“Made to Suffer” marks the mid-season finale for The Walking Dead. While it didn’t work as well as some of the other eps this season, it rounds out a run exponentially better than anything the show has done before. They’ve abandoned solo locations and recycled plot lines for shocks, gore, and rapid fire action. The dialogue still leaves something to be desired, and I’ve seen characters with more complexity and description in a Spongebob Squarepants cartoon, but the writers have at least figured out how to make the show move. And in a good direction, no less.
The cold open introduced Tyrese and his motley crew on the run from roamers. I can’t remember if they got named or not. We saw so little of anyone except Tyrese (aka Cutty from The Wire) and his second in command that I honestly don’t even remember what the other three look like...there was a chick who got bit, a dude, and another dude who I think had a beard or something. Beige, beiger, and bitten beige. They snuck into the burned out backside of the prison—something that seems awfully coincidental and plot hole-ish to me—and were half-rescued half-imprisoned by BAMF Carl.
Carl and Glenn’s transformations have been the most dramatic on the show, and also the most heartbreaking. Beth has maintained enough of her innocence that she wants to help Tyrese’s people instead of locking them up. But Carl has seen so much, has suffered so much, has done so much that in his distorted view of the world, he has helped them simply by not killing them. Carl’s 12 going on 40. Neither he nor Judith will have a childhood. There’s a pretty good chance they won’t even get to have an adulthood. Their world is hardship and loss, and that’s just dealing with the zombie threat. They haven’t dealt with evil yet, but the Governor will fix that right quick. Glenn is the adult version of Carl. He was a regular guy thrust into hell. The sassy pizza delivery guy Rick met over the tank radio is long gone. Now all that’s left is a zombie MacGuyver guy who makes weapons out of arm bones. Glenn and Carl had the most humanity of anyone on the show, and they’ve lost the most.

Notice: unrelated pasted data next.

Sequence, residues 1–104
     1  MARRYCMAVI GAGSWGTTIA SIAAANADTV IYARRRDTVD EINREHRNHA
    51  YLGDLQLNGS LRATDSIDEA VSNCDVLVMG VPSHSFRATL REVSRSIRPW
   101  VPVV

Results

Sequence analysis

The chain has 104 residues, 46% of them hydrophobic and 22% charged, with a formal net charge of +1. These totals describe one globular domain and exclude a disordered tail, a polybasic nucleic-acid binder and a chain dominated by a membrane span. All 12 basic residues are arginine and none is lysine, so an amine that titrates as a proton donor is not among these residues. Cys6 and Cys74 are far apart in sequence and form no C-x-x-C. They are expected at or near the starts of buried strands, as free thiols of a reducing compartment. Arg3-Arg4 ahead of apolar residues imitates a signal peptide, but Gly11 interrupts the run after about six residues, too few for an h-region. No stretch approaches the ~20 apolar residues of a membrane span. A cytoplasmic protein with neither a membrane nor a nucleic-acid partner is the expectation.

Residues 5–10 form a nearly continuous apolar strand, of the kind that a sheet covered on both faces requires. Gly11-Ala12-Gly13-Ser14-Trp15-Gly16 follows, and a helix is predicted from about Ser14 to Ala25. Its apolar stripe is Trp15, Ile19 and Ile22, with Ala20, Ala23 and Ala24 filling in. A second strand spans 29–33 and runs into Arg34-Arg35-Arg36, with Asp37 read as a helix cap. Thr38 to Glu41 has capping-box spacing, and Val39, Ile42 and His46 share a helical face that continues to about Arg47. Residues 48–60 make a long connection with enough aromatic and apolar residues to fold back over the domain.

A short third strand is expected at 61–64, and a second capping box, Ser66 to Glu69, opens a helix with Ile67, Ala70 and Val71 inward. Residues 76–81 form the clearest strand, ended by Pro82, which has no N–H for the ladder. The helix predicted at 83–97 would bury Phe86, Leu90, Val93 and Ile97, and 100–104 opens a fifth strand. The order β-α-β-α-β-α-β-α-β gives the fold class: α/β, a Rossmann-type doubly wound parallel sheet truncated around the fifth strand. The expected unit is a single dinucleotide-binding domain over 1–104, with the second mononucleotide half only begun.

In Woodbury, Rick’s offensive went about as well as expected. These guys are great at making plans and terrible at following through. They’ve gotten better over the long, hard winter at zombie defensive maneuvers, but when it comes to dealing with humans, they fall apart as spectacularly as they did in the season 2 finale. Daryl got cut off from the group, and Rick hallucinated Shane into existence so Oscar could get shot helping Maggie over the wall (though, of course Oscar had to die because Tyrese was moving in).
Michonne’s vendetta was where the show lost me. I get that she’d be pissed about the Governor cutting her out of Andrea’s life. I get that she’d hold a grudge over his minions trying to kill her. But that still doesn’t validate her risking her life and the lives of four other people on a blitzkrieg mission just so she could sword him to death. Without having any insight into her as a person, we can’t justify or understand her reasons. Which leaves her assault impulsively boneheaded. Not that it isn’t intense and exciting. Michonne discovering the Governor’s secret room and the ensuing fight was the first time we’ve seen genuine emotion from either of them. Broke her of her damn boring grimace, too. Watching her initial horror when she thought the Governor was keeping a girl locked in the closet melting into revulsion when she realized how sickeningly pathetic he really was, now that was good characterization. But all the stuff leading up to that moment fell flat. I get what the writers were going for, but they failed to follow through, meaning what should’ve been a punch to the gut came off as a papercut. A lot like Lori’s death, in fact.